With colour in one hand and the water balloon in the other. You’re right here in India aren’t you?
Well, you might as well be in Germany (See Link Below). Or Ireland. Or Australia.
Because that’s where increasingly Holi is being celebrated. In its true spirit. In all the glory of its colour. (And in probably a safer way.)
But I’m jumping the (water) gun here! Let me step back and tell you a story.
No festival in India is without its multiple legends. And the one that resonates most with me is this one:
Krishna the teenager goes home complaining to Yashoda his mother. None of the girls he wants to play with will play with him. Not only that, they shun him, tease him and call him “Shyam” or dark-skinned.
Not a happy situation.
Tired of the heckling that her son faces (and also tired of a whining teenager) Yashoda picks up a handful of Gulaal (the red powder) and hands it to him.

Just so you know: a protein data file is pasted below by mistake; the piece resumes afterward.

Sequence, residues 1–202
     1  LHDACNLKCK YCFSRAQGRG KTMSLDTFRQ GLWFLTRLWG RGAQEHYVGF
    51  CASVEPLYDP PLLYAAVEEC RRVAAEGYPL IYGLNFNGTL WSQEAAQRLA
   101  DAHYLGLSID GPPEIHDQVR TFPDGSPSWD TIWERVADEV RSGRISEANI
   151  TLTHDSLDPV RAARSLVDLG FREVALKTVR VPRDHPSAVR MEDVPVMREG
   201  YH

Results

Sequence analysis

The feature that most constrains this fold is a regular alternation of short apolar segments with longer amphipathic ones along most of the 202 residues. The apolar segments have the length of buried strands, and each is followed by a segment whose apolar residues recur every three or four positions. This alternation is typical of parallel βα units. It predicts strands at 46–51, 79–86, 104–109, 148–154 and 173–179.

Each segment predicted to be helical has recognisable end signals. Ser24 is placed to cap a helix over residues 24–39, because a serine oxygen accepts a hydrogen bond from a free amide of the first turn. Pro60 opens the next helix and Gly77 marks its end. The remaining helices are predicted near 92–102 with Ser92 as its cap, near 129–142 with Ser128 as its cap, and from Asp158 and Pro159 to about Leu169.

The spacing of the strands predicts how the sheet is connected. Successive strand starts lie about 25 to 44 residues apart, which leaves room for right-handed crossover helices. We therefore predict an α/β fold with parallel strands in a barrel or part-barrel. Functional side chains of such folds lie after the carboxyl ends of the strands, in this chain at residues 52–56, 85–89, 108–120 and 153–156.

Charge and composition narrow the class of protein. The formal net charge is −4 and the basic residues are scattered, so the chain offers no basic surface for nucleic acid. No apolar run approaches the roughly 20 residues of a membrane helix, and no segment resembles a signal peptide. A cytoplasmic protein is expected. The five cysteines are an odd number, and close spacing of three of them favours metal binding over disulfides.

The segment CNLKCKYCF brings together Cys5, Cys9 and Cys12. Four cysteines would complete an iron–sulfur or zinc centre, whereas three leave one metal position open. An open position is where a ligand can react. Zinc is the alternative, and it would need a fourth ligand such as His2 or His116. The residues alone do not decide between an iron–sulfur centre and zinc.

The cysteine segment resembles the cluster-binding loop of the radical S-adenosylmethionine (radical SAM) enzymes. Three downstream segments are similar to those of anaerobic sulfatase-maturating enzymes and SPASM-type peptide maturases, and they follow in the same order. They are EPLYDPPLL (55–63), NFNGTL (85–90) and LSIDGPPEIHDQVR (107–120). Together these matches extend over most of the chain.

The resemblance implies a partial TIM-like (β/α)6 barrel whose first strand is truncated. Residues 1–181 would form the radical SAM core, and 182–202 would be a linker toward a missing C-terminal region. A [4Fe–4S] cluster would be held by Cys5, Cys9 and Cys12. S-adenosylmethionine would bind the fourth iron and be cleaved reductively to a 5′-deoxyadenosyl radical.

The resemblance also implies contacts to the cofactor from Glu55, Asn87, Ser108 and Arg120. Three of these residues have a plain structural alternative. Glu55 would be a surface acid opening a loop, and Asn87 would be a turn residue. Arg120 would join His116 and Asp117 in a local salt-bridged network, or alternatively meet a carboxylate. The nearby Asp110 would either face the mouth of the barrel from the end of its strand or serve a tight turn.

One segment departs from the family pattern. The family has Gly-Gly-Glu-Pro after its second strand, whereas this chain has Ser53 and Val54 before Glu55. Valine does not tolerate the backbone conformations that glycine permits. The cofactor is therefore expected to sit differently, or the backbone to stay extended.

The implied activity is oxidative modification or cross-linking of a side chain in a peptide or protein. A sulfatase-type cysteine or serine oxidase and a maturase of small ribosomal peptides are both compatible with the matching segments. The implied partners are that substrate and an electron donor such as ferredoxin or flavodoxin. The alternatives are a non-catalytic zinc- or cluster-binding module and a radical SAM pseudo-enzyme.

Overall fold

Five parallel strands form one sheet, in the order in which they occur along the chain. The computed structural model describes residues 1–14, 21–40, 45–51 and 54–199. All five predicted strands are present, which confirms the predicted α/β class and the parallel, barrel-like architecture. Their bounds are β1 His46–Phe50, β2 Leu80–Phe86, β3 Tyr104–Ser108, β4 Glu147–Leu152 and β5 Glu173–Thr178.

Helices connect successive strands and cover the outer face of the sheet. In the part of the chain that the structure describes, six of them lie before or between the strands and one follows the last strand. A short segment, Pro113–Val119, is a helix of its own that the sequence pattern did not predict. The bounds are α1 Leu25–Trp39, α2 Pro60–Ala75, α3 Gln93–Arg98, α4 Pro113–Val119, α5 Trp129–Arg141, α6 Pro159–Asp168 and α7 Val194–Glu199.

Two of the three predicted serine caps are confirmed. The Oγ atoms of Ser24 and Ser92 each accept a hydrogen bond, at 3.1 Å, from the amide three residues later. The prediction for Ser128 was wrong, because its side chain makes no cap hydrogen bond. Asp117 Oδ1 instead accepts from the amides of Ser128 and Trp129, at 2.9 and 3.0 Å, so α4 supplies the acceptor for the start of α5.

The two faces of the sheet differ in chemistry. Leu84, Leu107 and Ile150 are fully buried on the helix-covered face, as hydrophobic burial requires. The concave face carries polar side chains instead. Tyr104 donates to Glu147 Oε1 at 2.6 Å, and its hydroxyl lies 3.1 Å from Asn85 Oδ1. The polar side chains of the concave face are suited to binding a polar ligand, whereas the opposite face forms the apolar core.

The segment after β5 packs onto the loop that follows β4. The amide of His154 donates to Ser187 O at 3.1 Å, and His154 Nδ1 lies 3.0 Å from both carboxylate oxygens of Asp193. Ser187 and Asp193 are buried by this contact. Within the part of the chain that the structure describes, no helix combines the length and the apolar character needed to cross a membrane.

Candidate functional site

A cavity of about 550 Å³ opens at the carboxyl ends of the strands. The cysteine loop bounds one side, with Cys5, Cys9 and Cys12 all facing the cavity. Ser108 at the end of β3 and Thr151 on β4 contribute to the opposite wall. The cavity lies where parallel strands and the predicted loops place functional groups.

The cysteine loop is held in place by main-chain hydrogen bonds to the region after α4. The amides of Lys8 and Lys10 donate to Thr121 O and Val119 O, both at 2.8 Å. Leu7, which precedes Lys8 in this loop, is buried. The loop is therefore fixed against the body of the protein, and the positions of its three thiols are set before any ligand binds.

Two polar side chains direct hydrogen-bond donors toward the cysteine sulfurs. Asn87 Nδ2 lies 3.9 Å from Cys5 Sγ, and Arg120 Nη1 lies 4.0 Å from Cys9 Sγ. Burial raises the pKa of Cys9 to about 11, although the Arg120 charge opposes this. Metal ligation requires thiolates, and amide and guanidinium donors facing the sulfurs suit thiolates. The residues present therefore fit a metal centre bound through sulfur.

“Go” she says, “Play with this red powder. Once you play with it, all of you will be the same colour and they won’t be able to see who is fair and who is dark.”
And that’s how the story started.
And now if you were to see it in this light, or this colour, isn’t this a universal, global festival of humanity?
My colours of joy now colour your traces of sorrow. I am trading my sunshine yellow for your morose blue. My splash of red will forever be tinged with your shade of green. How lovely would it be if only we looked at the deeper meaning of a festival and did not descend into a vitiated atmosphere denigrated by lynching, molesting and the misuse of all that’s sacred. In a world with increasing colour consciousness, can we all not be the same colour? Across countries? Across cultures?
Let Holi be what it is meant to be: a holy exchange of the colours of joy, of humanity, of goodwill.
(And yes, you might well be here for a Farbfieber fest!)